Business & Professional
Litigation, municipal government counsel, criminal defense, jurisprudence, estates, and probate — if it exists as a legal specialty in a small community, chances are Stanley H. Matheny has done it. And, more than six decades after he began practicing law in Huntington County, he’s still doing it.
Law was an unlikely career choice for a farm lad from west-central Illinois, but Matheny has made the most of it. He was named a partner not long after joining the venerable Huntington firm of Lesh & Lesh, and earned a place as a leader in the legal community not just in Huntington County, but throughout Indiana.
Matheny was the second of three sons born into a farm family in Carthage, Ill. The Mathenys lived and worked in a number of rural communities during the latter years of the Great Depression, eventually settling in Lewistown, southwest of Peoria. Always a voracious reader and an excellent student, Matheny was valedictorian of his high school class. His academic record attracted the attention of a Lewistown businessman who was an alumnus of Wabash College in Crawfordsville, Indiana. He urged Matheny to apply, and when he did, he was awarded a full scholarship to the all-male, liberal arts institution.
While at Wabash, Matheny met Nancy Cain, then a student at nearby DePauw University, on a blind date. Two years later, they married while he was a student at Indiana University School of Law in Bloomington. Following his graduation and admission to the Indiana Bar in 1959, the Mathenys lived briefly in Shelbyville before being urged to relocate to Huntington by an IU Law associate. He joined Lesh & Lesh in 1959, became a full partner two years later, and is still of counsel to the firm, known today at Matheny, Hahn & Denman, LLP.
His early career was highlighted by a considerable amount of trial work and by terms as judge of Huntington City Court from 1967 to 1973, and as City Attorney in the administration of Mayor John Knop from 1967 through 1976. His involvement with the Indiana State Bar Association included a stint as chair of the organization’s probate section. His attention eventually settled on the realm of elder law, specializing in matters surrounding the aging population, including financial planning, power of attorney, and estate work, as well as preparations for long-term care.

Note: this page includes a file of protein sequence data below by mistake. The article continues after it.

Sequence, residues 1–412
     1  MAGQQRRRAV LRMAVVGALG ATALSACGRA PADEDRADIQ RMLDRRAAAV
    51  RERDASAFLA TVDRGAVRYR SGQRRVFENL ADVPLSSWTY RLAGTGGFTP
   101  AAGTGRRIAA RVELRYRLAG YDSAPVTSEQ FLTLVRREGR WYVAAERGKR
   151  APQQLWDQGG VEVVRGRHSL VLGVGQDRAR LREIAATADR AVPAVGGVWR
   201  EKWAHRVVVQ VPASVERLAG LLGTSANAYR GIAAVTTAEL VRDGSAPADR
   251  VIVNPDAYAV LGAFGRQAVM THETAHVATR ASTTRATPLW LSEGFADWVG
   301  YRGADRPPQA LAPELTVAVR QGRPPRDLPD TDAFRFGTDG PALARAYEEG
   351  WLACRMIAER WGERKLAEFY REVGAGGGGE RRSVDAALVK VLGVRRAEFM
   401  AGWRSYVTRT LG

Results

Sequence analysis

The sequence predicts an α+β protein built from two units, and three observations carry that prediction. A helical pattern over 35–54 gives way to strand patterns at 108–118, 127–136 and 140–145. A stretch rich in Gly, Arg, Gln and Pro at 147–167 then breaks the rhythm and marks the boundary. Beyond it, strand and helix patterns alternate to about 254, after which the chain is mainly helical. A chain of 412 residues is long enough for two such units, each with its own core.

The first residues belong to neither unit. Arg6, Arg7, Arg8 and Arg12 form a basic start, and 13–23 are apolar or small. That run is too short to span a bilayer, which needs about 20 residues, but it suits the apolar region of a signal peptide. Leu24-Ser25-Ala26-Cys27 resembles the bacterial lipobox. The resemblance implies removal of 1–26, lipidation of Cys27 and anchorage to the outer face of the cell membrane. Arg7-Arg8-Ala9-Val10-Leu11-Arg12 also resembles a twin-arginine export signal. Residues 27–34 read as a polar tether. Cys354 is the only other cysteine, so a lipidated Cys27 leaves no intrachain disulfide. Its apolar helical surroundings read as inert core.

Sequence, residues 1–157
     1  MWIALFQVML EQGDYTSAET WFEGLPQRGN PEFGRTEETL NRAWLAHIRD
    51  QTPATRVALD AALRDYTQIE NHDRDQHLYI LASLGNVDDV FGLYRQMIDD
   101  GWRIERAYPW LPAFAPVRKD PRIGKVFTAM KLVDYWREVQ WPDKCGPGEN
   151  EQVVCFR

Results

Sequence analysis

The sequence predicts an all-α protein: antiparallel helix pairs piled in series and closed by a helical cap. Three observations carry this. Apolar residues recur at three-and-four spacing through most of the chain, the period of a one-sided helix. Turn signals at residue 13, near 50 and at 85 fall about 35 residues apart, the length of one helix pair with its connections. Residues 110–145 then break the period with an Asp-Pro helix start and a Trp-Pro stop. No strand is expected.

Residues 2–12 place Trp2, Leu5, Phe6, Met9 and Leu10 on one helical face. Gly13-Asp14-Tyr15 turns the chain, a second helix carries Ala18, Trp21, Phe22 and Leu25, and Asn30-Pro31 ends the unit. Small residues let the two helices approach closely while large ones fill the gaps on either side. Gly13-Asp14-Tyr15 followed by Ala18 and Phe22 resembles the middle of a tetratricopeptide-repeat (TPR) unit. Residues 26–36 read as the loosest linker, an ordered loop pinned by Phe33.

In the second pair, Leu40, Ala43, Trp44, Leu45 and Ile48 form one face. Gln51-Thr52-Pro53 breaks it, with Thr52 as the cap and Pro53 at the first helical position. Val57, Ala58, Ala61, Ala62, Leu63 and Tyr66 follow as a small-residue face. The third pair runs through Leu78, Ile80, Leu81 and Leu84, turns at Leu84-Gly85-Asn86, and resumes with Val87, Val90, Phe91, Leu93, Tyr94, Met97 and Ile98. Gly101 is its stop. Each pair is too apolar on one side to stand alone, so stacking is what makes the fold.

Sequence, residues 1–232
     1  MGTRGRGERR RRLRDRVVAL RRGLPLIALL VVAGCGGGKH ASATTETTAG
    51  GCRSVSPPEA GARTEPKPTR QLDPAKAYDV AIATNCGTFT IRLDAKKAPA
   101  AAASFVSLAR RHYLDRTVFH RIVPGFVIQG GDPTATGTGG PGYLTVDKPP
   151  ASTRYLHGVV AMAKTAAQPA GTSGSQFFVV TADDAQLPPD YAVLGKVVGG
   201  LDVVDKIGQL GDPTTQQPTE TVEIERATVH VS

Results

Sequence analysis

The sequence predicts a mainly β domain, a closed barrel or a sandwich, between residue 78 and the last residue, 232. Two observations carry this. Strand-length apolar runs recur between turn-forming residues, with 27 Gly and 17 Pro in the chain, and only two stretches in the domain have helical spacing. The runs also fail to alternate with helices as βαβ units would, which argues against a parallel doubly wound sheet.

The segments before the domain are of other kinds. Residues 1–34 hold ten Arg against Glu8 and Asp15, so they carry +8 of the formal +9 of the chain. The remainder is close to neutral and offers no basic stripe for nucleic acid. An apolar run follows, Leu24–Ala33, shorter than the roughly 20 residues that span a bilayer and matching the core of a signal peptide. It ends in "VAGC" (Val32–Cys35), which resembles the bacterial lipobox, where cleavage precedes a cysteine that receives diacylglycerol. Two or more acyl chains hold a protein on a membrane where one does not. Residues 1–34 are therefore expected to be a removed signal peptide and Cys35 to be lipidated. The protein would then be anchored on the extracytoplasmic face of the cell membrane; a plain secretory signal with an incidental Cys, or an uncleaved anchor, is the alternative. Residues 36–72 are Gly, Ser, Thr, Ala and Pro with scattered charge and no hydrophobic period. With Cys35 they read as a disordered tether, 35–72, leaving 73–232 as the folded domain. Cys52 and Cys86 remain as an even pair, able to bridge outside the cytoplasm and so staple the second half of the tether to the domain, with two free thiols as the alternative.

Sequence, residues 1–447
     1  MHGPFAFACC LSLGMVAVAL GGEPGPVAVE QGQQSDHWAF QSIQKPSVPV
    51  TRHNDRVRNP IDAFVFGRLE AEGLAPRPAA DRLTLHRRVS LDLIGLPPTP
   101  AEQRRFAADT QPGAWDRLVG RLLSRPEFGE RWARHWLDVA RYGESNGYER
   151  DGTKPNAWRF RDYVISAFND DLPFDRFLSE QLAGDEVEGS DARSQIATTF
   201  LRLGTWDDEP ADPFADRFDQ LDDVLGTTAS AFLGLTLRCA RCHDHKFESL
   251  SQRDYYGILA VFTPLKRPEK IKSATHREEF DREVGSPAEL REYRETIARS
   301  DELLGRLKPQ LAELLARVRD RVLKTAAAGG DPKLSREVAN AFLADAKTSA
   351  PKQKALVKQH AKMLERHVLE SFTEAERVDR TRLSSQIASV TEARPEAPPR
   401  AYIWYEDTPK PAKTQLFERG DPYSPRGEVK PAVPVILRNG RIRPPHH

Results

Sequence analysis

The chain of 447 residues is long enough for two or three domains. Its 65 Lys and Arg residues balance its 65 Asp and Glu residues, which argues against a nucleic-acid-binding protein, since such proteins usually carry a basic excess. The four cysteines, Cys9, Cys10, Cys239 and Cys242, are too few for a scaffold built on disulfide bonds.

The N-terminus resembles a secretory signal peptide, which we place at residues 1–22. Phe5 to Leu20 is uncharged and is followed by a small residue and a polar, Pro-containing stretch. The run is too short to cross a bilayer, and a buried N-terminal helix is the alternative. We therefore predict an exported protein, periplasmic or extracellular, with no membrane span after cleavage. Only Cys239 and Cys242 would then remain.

Matheny has been active in the local and state bar associations, and was president of the Huntington County Bar Association for two terms. He has been part of numerous community organizations and activities, and active as a lay leader for more than 60 years at Trinity United Methodist Church.
During his career, Matheny has taken on legal foes like the Ku Klux Klan and navigated clients through complex litigation. But perhaps his greatest professional challenge came in March 2017, when a fire destroyed the law firm’s offices and many of its paper records. Since then, he and his partners and their staff have relocated and reconstituted their files while Matheny has maintained his role as the unofficial “dean” of Huntington County attorneys. His contributions to the well-being of his community cannot be overstated in a career that has preserved, improved, and enriched thousands of lives.